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Patricia Allardice


Patricia Mary Allardice (Pat) was born in London on 3rd July 1926.  Her father, Ardel Mckenna was from Denny and was employed as butler in a grand house in the city of Westminster.  Her mother Eleanor Jones was a Londoner.   They had three daughters, Pat, Shelagh and Jean.  Pat was the eldest.

Pat loved reading, visiting the museums of South Kensington, attending the Proms and the ballet at Sadler’s Wells and rowing on the Serpentine. In 1939, at the age of 13, she was briefly evacuated to Dorchester in Dorset as the Second World War began. On returning to London, Pat witnessed the dogfights in the skies above London and later lived through the “Blitz” from September 1940 until May 1941; often sleeping in basements, underground shelters and even the tube stations. After her apartment was damaged, she was evacuated for the second time, this time to stay with her grandmother in Denny, Scotland, from where she witnessed the bombing of Clydeside.

Pat’s formal education was interrupted by the war and from the age of 14, she took on a variety of menial jobs, none of which she enjoyed, but she learned typing and customer service skills along the way and on returning to London, she got a job in the long distance telephone exchange at St Paul’s, which would eventually lead to a work opportunity in France that would change her life.

However, Pat now had to endure the V1 rockets, which led to her abandoning one apartment due to structural damage and the terrifying V2 rockets which fell near her house and blew out all her windows and took away the ceiling of the house, so for the third time, she had to find accommodation, this time in Brewster Gardens, near Ladbroke Grove, where her parents would live for the rest of their lives.

Pat became fascinated by the heroism of the French resistance fighters and that led to a lifelong passion with the French language and culture. An opportunity arose to study on an intensive French course at the Post Office, which Pat accepted gratefully. Pat also went to a French film club and attended a cultural centre for French nationals living in London, where she could practice her language skills, hear French music and attend dances.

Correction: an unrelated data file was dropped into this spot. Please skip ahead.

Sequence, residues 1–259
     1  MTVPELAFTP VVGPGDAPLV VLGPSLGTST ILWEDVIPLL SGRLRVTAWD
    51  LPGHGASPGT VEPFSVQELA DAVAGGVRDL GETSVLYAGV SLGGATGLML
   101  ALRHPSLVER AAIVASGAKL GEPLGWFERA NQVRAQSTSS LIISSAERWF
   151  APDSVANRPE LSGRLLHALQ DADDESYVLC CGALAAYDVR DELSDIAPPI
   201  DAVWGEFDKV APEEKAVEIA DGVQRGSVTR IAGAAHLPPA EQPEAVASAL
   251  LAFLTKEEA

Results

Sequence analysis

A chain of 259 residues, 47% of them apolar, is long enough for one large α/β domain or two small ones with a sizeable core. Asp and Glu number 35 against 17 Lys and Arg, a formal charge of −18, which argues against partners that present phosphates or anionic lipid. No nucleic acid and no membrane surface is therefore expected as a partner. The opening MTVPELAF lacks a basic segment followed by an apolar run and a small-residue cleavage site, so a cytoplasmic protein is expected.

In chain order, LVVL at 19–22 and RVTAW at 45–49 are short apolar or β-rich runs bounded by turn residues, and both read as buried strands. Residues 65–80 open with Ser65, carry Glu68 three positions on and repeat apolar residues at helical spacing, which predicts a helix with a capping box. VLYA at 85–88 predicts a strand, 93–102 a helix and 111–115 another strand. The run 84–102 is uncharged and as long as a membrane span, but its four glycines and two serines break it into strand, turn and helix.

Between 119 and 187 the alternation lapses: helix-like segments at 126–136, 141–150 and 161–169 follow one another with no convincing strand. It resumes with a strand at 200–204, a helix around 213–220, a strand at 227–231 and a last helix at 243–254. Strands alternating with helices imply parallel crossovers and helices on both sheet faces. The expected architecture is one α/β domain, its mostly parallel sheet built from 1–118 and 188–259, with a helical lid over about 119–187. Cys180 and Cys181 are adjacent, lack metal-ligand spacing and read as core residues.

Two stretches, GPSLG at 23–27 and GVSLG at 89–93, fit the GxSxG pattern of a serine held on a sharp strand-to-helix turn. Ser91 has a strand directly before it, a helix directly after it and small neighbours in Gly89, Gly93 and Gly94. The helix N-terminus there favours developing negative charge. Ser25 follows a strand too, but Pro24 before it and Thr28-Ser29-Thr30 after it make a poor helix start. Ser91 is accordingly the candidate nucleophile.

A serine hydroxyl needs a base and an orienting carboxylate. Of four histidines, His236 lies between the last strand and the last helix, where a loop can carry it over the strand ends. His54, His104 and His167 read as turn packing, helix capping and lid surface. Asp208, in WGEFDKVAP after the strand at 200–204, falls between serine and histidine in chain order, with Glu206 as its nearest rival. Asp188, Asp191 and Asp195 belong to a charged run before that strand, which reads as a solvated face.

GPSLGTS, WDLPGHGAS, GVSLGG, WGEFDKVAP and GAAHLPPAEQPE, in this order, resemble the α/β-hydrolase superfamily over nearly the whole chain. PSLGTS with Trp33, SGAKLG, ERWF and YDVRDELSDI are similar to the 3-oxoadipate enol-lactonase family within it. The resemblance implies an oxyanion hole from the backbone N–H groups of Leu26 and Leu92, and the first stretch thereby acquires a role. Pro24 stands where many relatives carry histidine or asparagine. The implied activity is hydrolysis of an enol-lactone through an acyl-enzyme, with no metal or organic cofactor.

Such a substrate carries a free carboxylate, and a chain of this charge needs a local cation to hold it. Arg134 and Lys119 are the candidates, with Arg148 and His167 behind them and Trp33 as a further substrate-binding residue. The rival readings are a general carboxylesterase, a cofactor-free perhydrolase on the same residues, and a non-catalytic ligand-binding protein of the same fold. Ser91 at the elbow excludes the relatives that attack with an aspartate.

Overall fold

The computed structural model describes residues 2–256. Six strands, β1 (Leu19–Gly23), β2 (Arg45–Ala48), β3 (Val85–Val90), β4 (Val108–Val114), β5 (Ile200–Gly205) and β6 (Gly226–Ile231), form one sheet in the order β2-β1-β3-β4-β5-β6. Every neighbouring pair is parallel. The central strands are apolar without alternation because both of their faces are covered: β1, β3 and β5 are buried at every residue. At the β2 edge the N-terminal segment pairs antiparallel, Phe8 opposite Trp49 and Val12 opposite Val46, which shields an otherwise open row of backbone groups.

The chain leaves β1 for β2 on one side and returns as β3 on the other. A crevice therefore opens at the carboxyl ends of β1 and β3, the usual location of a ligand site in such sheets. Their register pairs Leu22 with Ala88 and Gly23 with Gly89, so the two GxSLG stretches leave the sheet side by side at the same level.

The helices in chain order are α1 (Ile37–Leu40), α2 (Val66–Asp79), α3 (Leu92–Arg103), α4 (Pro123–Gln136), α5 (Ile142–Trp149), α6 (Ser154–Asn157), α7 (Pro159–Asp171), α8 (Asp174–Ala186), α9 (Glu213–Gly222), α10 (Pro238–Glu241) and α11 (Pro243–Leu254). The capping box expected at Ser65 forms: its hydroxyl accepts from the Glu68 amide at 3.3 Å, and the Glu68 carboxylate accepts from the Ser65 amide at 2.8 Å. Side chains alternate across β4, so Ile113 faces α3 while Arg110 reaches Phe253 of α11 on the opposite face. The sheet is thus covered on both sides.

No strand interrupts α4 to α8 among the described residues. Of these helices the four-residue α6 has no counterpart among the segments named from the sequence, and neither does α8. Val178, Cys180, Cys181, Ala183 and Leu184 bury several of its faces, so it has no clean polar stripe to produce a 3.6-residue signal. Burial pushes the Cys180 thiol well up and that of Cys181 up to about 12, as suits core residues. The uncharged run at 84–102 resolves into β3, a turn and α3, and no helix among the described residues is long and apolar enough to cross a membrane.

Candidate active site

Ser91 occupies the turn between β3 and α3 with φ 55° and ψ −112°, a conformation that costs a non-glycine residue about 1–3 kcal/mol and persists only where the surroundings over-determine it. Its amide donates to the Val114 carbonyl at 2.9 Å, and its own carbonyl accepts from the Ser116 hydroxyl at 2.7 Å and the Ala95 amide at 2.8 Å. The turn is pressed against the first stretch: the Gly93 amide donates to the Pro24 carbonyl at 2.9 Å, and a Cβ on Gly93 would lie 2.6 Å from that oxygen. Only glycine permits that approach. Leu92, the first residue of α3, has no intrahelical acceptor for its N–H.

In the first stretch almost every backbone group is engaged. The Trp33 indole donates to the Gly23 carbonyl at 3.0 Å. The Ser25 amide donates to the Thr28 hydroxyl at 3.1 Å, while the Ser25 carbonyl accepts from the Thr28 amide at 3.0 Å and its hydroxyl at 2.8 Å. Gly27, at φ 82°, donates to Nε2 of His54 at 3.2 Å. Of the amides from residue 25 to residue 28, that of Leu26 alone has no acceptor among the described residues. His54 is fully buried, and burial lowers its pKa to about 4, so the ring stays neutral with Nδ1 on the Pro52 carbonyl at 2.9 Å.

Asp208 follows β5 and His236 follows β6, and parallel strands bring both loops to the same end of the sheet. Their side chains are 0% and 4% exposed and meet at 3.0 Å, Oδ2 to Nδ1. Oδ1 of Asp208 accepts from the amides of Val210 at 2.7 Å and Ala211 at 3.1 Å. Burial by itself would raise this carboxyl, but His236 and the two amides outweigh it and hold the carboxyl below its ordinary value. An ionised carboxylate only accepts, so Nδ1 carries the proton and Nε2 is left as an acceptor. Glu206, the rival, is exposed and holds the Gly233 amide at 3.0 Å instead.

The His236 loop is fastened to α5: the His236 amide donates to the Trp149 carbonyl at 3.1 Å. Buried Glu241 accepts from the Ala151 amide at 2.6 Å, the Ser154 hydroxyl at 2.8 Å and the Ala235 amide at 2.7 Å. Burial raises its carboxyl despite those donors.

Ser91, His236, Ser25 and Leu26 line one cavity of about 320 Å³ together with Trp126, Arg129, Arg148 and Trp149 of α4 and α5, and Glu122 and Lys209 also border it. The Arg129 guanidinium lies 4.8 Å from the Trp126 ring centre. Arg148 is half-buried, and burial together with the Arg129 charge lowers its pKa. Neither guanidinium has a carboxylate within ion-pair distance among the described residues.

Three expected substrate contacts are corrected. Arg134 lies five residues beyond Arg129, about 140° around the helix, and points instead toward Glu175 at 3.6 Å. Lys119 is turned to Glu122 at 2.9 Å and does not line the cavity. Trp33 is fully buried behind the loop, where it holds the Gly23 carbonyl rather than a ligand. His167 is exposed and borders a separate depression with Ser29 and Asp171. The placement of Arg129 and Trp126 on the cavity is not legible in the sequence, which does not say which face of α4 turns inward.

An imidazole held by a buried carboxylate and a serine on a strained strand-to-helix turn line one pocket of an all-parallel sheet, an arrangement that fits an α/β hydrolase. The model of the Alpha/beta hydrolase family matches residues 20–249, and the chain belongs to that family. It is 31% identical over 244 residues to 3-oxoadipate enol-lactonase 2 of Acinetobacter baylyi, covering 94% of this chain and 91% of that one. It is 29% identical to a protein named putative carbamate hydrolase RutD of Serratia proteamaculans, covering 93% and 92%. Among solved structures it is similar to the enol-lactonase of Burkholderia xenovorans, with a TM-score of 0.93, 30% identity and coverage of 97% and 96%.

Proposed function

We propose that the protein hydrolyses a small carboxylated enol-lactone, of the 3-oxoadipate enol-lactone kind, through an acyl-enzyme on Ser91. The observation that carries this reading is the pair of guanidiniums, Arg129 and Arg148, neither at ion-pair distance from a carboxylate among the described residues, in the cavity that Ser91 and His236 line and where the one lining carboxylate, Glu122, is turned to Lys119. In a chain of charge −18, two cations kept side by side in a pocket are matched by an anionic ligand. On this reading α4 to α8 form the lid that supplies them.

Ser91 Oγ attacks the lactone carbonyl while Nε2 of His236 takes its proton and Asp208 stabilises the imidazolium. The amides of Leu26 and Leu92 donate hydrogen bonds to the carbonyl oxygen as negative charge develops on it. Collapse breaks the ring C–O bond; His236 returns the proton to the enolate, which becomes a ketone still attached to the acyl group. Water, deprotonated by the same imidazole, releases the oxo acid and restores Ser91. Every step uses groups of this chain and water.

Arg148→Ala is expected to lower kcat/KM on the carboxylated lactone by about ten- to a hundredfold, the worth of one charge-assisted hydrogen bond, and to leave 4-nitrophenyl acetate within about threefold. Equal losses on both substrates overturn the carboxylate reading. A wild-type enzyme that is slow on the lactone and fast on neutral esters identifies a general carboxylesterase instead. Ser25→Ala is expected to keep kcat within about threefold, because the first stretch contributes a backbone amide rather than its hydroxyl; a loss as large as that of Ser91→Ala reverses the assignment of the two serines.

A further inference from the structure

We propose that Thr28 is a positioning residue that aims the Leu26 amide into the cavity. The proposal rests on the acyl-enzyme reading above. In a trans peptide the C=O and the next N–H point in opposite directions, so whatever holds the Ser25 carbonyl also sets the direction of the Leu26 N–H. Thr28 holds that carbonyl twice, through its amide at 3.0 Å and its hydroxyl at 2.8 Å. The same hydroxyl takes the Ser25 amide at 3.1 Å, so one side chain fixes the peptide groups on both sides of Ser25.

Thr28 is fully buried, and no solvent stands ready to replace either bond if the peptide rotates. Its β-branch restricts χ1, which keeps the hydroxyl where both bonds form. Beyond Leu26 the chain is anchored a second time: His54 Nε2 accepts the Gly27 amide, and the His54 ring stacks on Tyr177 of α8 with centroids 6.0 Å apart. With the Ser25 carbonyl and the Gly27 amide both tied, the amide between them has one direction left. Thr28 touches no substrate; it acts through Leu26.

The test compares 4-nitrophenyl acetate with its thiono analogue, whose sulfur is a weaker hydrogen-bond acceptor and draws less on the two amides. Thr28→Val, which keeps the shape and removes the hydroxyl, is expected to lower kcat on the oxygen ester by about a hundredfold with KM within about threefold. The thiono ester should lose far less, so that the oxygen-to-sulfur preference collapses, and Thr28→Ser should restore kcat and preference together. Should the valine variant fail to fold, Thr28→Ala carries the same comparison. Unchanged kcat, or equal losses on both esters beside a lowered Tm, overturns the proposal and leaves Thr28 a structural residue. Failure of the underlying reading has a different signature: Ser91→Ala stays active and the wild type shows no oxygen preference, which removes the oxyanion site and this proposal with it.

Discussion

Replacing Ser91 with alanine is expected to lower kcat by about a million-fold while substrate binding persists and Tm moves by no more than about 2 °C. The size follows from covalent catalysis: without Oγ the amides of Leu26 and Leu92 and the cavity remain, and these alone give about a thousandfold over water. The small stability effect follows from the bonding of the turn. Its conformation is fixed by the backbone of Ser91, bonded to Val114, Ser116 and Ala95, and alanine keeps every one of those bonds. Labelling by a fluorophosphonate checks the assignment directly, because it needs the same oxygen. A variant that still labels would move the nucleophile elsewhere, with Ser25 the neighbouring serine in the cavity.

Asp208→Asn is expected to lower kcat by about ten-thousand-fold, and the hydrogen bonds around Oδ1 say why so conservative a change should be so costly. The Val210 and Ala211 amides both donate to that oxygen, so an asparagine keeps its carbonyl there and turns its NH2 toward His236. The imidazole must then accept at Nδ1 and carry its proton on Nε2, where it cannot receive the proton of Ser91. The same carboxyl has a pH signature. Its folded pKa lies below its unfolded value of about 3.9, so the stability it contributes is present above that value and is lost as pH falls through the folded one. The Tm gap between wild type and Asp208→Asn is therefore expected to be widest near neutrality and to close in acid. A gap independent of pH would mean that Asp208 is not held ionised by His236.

After working with the “land army” to bring in the harvest at the end of the war, Pat got her dream job, working on the telephone switchboard of the newly re-established British Embassy in Paris. 

During her stay there, she was given a spare ticket for the rugby international between France and Scotland. Pat at the time, knew nothing about rugby, but she did witness how the Scottish scrum half unwittingly injured the star forward of the French team, who subsequently was unable to return to the field of play. She also vaguely remembered how the crowd (including her) booed the scrum half every time he touched the ball and especially after he converted a try to give Scotland victory.

One year later, while on holiday in Menton, in the south of France, Pat met Dallas (Dally) Allardice, the same scrum half by chance and fell in love at second sight.

Pat married Dallas in 1951 and the raising of their children Rory, Graham, Lorna and Catrina kept her busy until she had the passion to resume her interrupted education, taking ‘O’ Grades and Highers around the same time as her eldest son. She graduated from Dundee College of Education as a primary school teacher and joined Dallas at Dundee High School, where she worked for fifteen years. Pat loved children and loved teaching and she had a very fulfilling career there.

Retirement was filled with activity; new languages, new friends, tai chi, yoga, swimming, knitting, sewing cross stitch, foreign languages, gardening, film club, hill walking, writing her autobiography, watching rugby, holidays in Glenesk, travel to the USSR (Georgia, Armenia, Russia, Azerbaijan), Hong Kong, China, Poland, Czechoslovakia, France, Germany, Italy, Singapore, Thailand, Dubai, Al Ain, Australia and Malta. 

Pat also had an ever-expanding family of nine grandchildren and eighteen great grandchildren and she was a constant, inspirational and positive presence in all of their lives. The family holidays in Aboyne, Mallaig and Glenesk were the foundation of lifelong memories.  Pat will be missed by all her family and friends, but the love that she gave out and her beautiful smile will never be forgotten.

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